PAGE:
Jobe Test (Empty can)

 Jobe Test (Empty can)

What is Jobe Test (Empty can)?

  • Jobe Test (or Empty can test) is used to test for
    • Weakness or insufficiency of the supraspinatus muscle
    • Rotator cuff impingement

How it's Performed?

Jobe Test may be performed with the patient standing or seated.

  • With the elbow extended, the patient’s arm is held at 90° of abduction, 30° of horizontal flexion, and in internal or external rotation.
  • The examiner exerts pressure on the upper arm during the abduction and horizontal flexion motion.
  • Using electromyography, this test enables testing of the supraspinatus muscle largely in isolation.
  • It is important to apply pressure gently at first and to increase the pressure only if pain has not been triggered during the course of the test to that point.

What does a positive Jobe Test (Empty can) mean?

  • When Jobe Test elicits severe pain and the patient is unable to hold his or her arm abducted 90° against gravity, this is called a positive drop arm sign.
  • The superior portions of the rotator cuff (supraspinatus muscle) are particularly assessed in internal rotation (with the thumb down as when emptying a can), and the anterior portions in external rotation (thumb points upward—full can).
  • The Jobe Test may be repeated at only 45° abduction to further differentiate the findings.
  • Where the impingement component predominates, there will be less pain and more strength where the tendon is still intact.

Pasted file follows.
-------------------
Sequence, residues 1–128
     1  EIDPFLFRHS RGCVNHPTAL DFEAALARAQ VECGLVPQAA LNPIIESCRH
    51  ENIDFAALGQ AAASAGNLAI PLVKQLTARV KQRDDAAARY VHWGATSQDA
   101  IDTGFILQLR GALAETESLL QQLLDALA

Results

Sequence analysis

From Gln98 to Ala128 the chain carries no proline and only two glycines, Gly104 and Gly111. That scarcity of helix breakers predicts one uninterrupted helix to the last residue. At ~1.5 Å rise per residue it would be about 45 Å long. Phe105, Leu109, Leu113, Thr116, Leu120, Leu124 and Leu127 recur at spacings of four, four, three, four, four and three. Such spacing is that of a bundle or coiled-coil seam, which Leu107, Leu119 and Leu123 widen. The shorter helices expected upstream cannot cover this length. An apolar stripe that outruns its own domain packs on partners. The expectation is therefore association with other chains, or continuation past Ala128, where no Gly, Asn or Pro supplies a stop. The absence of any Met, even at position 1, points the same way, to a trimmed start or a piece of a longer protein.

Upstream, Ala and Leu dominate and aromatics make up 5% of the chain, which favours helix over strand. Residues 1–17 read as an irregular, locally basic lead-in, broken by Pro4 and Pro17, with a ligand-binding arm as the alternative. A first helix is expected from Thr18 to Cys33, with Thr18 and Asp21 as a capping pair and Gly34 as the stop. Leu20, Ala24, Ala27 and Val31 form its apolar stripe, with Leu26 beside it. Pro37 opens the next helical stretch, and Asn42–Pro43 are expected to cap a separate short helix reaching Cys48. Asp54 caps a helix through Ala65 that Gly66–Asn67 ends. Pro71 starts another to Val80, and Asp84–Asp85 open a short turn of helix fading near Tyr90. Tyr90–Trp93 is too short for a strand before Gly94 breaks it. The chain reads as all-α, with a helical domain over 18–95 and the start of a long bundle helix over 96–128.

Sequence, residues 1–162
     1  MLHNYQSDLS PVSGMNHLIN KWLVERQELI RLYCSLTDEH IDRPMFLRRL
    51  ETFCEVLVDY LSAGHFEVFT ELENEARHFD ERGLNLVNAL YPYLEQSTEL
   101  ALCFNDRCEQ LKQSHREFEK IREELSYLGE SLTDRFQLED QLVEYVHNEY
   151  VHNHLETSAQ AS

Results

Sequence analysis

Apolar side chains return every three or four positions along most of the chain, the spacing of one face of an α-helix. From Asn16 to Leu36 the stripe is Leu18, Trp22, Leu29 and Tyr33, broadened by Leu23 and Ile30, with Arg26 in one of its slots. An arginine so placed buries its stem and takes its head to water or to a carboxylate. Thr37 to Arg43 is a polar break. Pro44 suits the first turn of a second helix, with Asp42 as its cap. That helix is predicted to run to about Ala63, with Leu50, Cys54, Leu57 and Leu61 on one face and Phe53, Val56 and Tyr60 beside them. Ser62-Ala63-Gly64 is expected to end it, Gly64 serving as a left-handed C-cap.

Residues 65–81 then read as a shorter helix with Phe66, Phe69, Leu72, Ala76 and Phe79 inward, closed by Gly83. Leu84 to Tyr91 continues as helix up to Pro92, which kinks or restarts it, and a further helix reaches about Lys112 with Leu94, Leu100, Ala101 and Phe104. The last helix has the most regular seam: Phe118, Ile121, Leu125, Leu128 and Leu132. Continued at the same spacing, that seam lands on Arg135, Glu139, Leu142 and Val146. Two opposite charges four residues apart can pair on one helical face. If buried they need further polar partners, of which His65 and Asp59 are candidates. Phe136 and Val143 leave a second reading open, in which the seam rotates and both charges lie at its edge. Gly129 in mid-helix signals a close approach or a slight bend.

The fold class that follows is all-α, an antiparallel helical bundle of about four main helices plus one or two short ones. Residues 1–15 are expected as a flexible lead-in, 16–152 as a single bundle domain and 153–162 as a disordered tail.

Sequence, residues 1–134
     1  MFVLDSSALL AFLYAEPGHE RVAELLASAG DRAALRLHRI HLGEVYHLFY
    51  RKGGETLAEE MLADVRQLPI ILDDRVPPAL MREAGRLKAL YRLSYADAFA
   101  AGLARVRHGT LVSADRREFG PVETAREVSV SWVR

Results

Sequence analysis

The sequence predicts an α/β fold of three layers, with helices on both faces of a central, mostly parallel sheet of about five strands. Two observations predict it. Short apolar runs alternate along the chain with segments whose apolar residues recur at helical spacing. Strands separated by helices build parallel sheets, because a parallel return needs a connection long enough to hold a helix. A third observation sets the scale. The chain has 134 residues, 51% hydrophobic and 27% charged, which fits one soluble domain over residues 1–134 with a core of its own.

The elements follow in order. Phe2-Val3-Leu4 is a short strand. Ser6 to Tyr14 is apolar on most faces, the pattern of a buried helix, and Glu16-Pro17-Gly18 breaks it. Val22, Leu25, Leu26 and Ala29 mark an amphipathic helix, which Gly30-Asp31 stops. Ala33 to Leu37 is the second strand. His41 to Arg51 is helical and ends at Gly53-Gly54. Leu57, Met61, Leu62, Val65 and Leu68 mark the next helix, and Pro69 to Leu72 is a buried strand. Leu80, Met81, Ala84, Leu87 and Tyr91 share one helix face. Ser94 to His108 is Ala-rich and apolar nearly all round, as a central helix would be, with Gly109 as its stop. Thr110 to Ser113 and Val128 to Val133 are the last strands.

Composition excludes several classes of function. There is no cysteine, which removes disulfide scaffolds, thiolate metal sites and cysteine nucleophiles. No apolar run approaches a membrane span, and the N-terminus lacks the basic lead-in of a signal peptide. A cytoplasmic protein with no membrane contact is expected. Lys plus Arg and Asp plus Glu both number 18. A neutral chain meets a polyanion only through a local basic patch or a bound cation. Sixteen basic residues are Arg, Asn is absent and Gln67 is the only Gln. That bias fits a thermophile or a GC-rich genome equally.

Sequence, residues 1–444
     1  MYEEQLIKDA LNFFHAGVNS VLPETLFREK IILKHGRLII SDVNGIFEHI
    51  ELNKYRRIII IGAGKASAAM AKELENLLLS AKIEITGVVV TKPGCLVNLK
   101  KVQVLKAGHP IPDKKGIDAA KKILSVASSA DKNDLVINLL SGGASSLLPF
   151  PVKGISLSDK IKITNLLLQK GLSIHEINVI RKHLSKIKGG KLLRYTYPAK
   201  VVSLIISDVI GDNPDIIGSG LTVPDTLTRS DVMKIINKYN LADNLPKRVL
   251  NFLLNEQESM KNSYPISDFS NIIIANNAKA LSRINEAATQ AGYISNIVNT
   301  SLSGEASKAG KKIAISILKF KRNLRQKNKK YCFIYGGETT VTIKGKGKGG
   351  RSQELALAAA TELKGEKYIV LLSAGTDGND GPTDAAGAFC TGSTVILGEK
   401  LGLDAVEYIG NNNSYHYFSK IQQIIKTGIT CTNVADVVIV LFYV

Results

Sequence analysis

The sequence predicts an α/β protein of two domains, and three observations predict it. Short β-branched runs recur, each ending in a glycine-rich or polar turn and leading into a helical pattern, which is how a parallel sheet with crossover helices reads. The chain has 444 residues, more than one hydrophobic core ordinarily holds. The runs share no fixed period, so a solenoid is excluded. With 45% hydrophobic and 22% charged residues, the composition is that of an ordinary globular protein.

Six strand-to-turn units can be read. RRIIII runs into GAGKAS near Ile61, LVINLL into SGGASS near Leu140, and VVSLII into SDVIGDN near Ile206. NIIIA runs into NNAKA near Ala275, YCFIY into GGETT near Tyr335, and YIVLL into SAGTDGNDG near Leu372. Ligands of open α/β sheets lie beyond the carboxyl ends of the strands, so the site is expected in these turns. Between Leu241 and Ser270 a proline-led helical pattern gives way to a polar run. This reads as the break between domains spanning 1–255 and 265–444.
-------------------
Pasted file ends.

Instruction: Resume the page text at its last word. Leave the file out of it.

• The Jobe Test can yield false-positive results where pathology of the long head of the biceps tendon is present.
  • If the test elicits pain and the patient is unable to abduct the arm 90° and hold it against gravity, this indicates a tear of the tendon of the supraspinatus muscle, or damage to the suprascapular nerve.
  • Strength in the supraspinatus muscle may not be completely diminished until over two-thirds of the tendon is torn.

Sensitivity & Specificity

  • Sensitivity: 88 %
  • Specificity: 62 %


  • Studies performed by anesthetizing the suprascapular and axillary nerves show that the supraspinatus and deltoid muscles are responsible for abduction of the arm.
  • The supraspinatus muscle, along with the other muscles of the rotator cuff , press the head of the humerus into the socket and abduct the arm for the first 20°, then the deltoid muscle comes into play.
  • Even if the supraspinatus muscle tendon is completely torn, the shoulder is still capable of good range of motion.
  • There is a deficit only at the onset of abduction and then again when the arm reaches 90° and above.
  • EMG tests show no difference in the EMG activity whether the arm is held in full internal rotation (classic Jobe empty can position), with the thumb pointing to the floor, or with the arm in maximum external rotation (full can position).
  • The strength of the supraspinatus muscle can also be tested with the elbows flexed rather than extended.
  • For the patient, this position requires less holding power and less stress, and is therefore also less painful.


  • Campbel's Operative Orthopaedics 13th Book
  • NCBI
  • Clinical Tests for the Musculoskeletal 3rd Ed. Book

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